An overview of FDA’s 503B outsourcing facility requirements


FDA has stated that it intends to continue inspections of compounding pharmacies, and it has taken aggressive action, including enforcement actions, as appropriate to protect the public health.

Ned MilenkovichThe 2013 Compounding Quality Act passed by Congress provides a pathway for a pharmacy acting as a Section 503B “outsourcing facility” to register as such with the FDA. Once registered, an outsourcing facility must meet specific conditions to be exempt from the Food, Drug & Cosmetics Act’s (FDCA) approval requirements and product labeling requirements.

The law requires that drugs be compounded in compliance with CGMPs either by or under the direct supervision of a licensed pharmacist in a registered facility. Information on the products compounded at the facility must be reported, to include a list of all products compounded during the previous six months and details about the compounded products, such as source of ingredients used. Other conditions must also be met under the law including reporting adverse events and labeling products with prescribed information.

An outsourcing facility will not be considered registered until it has paid its annual registration fee. In addition, the law requires that outsourcing facilities register and report their products to FDA electronically.

Traditional pharmacy compounding

Drugs produced by pharmacy compounders that are not registered as outsourcing facilities must meet the conditions of section 503A to qualify for the specified exemptions. Except for the limited exemptions, all other applicable provisions of the FDCA remain in effect for compounded drugs, even if the conditions in section 503A are met.

FDA’s intention with regard to FDCA Section 503a is described in a draft guidance document issued by the agency. Also described in this draft guidance are the provisions of the law that can be applied to compounded drugs that do not qualify for exemptions, and the other provisions of the FDCA applicable to compounded drugs whether or not they qualify for the exemptions under Section 503A. FDA also withdrew CPG 460.200 Pharmacy Compounding, issued in 2002, and the guidance Enforcement Policy During Implementation of Section 503A of the Federal Food, Drug, and Cosmetic Act, published in November 1998.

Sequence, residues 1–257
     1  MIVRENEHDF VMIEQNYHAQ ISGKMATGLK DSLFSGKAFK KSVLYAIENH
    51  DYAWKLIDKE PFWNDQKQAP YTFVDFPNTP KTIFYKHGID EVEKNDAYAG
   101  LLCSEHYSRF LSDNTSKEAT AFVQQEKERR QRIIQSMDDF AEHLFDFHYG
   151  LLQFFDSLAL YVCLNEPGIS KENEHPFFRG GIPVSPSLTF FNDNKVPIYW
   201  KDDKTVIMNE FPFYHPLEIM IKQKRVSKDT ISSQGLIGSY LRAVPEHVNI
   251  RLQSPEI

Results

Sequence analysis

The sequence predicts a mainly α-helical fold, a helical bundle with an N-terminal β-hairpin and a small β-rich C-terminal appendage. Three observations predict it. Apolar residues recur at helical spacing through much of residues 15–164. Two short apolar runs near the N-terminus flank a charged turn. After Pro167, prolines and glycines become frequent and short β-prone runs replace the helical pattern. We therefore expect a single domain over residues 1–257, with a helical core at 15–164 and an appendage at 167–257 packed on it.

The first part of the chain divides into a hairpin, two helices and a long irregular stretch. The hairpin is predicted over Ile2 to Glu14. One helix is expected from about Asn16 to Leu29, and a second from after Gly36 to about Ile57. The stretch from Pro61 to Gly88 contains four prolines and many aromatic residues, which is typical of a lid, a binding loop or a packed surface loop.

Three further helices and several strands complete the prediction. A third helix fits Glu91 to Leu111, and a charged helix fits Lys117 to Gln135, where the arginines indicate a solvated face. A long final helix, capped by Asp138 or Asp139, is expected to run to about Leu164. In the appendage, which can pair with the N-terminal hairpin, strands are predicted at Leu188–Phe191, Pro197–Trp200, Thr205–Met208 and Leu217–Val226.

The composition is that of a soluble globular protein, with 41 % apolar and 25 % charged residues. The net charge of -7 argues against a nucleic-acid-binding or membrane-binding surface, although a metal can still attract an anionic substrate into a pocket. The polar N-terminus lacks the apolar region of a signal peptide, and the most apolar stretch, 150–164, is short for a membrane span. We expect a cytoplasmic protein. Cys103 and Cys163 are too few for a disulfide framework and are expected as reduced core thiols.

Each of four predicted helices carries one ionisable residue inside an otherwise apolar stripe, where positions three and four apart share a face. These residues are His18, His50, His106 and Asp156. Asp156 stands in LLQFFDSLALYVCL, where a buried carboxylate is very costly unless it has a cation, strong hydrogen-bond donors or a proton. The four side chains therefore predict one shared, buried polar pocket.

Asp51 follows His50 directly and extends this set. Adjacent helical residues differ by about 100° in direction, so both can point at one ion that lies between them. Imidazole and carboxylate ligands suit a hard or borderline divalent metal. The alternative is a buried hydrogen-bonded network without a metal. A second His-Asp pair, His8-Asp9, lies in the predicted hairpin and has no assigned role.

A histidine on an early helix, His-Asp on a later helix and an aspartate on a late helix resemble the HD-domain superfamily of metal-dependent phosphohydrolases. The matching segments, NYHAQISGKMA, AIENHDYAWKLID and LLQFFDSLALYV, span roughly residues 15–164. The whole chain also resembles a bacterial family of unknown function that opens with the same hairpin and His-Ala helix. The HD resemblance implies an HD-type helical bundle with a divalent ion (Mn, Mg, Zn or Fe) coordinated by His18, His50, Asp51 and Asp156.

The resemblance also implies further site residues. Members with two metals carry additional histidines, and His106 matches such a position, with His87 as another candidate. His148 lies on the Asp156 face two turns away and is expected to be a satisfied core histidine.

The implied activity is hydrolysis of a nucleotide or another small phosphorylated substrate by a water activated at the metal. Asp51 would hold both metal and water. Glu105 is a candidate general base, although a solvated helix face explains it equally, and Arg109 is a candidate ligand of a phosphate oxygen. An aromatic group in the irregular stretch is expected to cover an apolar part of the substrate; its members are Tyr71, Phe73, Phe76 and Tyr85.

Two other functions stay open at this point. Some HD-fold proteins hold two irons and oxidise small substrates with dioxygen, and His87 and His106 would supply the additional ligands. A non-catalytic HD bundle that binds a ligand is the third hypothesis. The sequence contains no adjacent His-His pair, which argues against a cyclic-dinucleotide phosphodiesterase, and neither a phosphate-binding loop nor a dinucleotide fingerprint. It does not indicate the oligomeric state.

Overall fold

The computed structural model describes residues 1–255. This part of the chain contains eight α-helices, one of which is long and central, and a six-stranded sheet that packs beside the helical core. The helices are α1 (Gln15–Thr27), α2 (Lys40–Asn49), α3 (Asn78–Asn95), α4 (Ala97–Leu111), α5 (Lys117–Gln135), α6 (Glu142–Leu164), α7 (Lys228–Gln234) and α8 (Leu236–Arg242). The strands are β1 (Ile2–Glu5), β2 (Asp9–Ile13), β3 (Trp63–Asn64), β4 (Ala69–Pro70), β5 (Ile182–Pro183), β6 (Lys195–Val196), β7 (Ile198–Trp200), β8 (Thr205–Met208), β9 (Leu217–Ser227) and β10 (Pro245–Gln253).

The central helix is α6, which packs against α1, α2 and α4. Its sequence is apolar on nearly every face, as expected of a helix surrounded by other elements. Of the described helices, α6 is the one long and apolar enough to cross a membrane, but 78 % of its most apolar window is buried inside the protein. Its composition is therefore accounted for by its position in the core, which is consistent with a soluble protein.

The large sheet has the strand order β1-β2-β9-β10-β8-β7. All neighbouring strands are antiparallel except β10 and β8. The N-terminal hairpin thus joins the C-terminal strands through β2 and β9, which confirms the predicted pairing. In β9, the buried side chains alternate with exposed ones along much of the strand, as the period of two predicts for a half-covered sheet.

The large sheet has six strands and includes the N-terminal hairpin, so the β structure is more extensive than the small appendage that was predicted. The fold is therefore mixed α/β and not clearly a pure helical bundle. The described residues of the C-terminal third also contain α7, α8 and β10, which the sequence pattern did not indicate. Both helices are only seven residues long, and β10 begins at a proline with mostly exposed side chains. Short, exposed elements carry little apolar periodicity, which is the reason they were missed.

Board of Pharmacy Interface

The Compounding Quality Act requires FDA to obtain submissions from state boards of pharmacy concerning certain actions taken against compounding pharmacies or expressing concerns that a facility may be acting contrary to Section 503A. State boards of pharmacy also must be notified when FDA receives certain submissions from the state or makes a determination that a compounding pharmacy is acting contrary to section 503A.



Nominations for Lists

In sections 503A and 503B are included various requirements for FDA to develop lists of drugs that may or may not be compounded and lists of bulk drug substances that may be used in compounding. Section 503A specifies that to qualify for the exemptions under section 503A, a compounder may only use bulk drug substances to compound if:

The bulk drug substances comply with the standards of an applicable United States Pharmacopoeia or National Formulary monograph, if one exists;

If such a monograph does not exist, the drug substance(s) is a component of an FDA-approved human drug product; or

If such a monograph does not exist and the drug substance is not a component of an FDA-approved human drug product, it appears on a list of bulk drug substances for use in compounding developed by FDA.

Under section 503B, a registered outsourcing facility may only use for compounding a bulk drug substance that is included on an FDA-established list of bulk drug substances for which there is a clinical need or which are on FDA’s drug shortage list. Prohibited under sections 503A and 503B is the compounding of drugs that are on a list of drugs that present difficulties for compounding.

Inspections and Enforcement

FDA has stated that it intends to continue inspections of compounding pharmacies, and has taken aggressive action, including enforcement actions, as appropriate to protect the public health. In many cases, Form FDA-483’s were issued accompanied by recalls of sterile products.

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